Town Win Match Day Policing Costs Appeal
Tuesday, 10th Oct 2017 13:23
Ipswich Town have won their appeal against the High Court ruling that Suffolk Constabulary were entitled to charge them for the policing of Portman Road and Sir Alf Ramsey Way on match days.
In July 2016 Mr Justice Green ruled that Suffolk Constabulary should have charged Town for policing two roads bordering the ground on matchdays (Portman Road and Sir Alf Ramsey Way) during the period 2008 to 2013.
The police argued that the policing of the roads was inseparably linked to that inside the stadium and was therefore the club’s responsibility, while Town claimed the charges were unlawful.
Ruling in the police's favour, Mr Justice Green stated that the policing provided amounted to “special police services".
At June’s Court of Appeal hearing, Michael Beloff QC for Town, who said more than £500,000 was at stake in the case, argued that Mr Justice Green's assessment had been overcomplex and that he had misdirected himself on the law: “He overcomplicated what is or should be a simple issue.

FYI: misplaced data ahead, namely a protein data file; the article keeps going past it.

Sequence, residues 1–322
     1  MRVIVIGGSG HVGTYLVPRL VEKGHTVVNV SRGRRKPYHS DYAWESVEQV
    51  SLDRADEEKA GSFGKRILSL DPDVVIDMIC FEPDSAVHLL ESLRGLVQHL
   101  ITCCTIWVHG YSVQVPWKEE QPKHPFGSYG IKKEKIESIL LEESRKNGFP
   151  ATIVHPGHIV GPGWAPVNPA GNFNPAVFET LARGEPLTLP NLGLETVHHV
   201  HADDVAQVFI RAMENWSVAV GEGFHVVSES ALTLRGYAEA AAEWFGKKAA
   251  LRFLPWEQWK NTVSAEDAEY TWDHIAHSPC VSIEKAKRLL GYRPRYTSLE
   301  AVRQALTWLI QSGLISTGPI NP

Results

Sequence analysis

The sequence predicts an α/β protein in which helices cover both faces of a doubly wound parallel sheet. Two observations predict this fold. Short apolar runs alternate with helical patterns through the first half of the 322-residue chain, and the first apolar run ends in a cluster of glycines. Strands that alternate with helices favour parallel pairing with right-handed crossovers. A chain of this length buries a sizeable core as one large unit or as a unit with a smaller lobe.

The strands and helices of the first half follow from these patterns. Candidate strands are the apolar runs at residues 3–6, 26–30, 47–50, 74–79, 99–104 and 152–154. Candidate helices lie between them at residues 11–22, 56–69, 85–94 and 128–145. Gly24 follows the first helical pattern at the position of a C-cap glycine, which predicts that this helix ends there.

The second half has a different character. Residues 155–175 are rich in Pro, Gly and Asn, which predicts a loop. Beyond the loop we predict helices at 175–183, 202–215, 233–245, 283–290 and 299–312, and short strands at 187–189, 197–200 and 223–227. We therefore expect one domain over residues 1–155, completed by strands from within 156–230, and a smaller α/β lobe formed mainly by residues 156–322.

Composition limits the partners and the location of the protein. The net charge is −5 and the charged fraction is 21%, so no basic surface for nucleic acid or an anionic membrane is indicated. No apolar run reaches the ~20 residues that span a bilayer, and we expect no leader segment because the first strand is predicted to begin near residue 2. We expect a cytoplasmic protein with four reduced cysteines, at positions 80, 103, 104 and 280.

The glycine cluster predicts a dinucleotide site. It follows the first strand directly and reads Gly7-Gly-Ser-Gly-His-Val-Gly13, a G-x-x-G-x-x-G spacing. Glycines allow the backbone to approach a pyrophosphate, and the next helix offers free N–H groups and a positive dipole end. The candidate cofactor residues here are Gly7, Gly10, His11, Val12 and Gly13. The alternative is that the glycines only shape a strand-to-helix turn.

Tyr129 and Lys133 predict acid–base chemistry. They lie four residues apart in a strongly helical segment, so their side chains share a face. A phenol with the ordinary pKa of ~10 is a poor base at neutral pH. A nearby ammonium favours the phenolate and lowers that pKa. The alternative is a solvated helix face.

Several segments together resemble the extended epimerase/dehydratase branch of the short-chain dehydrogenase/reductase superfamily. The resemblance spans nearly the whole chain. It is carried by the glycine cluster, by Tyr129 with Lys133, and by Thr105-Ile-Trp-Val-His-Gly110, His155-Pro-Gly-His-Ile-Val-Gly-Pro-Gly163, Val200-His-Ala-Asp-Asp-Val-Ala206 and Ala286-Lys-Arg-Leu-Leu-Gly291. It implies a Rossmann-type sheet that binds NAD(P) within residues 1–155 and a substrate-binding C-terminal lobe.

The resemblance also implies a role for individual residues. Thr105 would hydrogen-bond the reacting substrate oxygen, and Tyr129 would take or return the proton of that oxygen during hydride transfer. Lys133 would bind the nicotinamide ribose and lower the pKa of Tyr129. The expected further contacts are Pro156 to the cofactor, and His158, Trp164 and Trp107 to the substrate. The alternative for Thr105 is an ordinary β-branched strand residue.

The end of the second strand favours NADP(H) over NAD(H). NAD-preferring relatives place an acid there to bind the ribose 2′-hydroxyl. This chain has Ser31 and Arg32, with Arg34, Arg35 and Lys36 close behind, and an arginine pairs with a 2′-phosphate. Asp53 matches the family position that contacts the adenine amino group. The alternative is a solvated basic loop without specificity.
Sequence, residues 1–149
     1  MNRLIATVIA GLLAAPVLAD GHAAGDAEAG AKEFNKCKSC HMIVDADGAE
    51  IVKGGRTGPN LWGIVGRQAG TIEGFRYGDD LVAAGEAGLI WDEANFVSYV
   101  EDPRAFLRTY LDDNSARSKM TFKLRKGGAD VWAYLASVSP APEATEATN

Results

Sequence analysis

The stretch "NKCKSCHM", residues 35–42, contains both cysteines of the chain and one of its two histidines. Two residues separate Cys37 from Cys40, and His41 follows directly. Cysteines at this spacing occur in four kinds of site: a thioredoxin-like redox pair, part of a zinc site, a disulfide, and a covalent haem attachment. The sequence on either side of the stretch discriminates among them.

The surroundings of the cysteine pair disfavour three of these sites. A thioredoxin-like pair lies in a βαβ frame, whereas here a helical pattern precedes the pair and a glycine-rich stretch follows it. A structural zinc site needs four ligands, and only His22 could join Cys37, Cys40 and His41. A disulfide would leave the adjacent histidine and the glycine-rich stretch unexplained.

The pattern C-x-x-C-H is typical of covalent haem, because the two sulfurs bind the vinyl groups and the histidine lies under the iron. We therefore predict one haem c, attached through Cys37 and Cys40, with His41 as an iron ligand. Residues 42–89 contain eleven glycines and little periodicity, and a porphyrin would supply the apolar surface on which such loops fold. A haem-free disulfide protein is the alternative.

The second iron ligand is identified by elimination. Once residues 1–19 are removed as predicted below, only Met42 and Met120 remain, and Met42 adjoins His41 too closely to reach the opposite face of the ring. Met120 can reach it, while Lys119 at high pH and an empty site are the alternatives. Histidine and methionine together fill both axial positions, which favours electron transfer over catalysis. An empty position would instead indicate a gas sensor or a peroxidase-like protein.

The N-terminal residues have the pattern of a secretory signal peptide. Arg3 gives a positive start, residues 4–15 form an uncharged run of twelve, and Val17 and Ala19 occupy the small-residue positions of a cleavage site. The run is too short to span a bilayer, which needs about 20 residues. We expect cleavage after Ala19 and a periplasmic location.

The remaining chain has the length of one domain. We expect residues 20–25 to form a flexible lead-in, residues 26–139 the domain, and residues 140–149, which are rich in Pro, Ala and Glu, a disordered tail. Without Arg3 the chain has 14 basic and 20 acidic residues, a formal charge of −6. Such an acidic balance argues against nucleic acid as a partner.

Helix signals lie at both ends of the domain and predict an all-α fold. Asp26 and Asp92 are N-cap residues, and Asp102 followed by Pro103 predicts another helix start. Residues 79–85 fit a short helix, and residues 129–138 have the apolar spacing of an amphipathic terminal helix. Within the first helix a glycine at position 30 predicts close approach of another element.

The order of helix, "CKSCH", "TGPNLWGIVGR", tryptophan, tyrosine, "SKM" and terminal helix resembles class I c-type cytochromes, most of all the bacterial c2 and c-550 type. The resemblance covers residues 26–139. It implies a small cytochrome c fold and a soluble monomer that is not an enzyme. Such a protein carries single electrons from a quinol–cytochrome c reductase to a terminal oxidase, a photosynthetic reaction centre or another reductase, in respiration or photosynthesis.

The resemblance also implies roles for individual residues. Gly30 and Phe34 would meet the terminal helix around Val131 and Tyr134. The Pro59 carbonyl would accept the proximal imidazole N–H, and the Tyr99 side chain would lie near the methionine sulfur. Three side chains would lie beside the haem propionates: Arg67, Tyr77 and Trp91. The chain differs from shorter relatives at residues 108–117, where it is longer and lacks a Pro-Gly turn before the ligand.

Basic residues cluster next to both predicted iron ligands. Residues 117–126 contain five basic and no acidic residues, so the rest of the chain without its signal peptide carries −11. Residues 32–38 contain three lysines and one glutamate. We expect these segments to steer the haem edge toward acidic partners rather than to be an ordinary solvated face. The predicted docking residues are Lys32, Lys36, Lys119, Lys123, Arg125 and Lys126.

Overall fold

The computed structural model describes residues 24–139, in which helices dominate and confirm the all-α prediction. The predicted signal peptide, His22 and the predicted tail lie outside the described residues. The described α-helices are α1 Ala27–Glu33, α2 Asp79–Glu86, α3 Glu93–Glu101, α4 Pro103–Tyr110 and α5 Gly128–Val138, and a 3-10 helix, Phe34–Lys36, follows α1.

“He spent so much time in examining various trees that he lost sight of the wood. A better metaphor might be that he took his eye off the ball.”
Today, three Court of Appeal judges, Lady Justice Gloster, Lord Justice Gross and Lord Briggs, agreed with Beloff.
Lady Justice Gloster said the critical factor in their ruling was that the land was public rather than private.
"It is for Parliament to change the law if it considers it appropriate to make football clubs pay for police attendance at football matches on the highway, outside the stadium or other privately owned land.”
The case has now been sent back to the High Court where the issue of how much Suffolk Constabulary is due to pay the club will be settled.
A Town spokesperson told TWTD: "Obviously we are pleased with the Court of Appeal’s judgment. To go to court in the first place was not a decision taken lightly by the Football Club but there seemed no alternative in order to bring the matter to a conclusion.
"We have always enjoyed a close working relationship with Suffolk Constabulary and that will continue going forward."
Suffolk police and crime commissioner Tim Passmore said in a statement: “We are very disappointed by the judgement announced today.
"The decision has significant financial repercussions for the Constabulary and in turn this will impact on council taxpayers in Suffolk."
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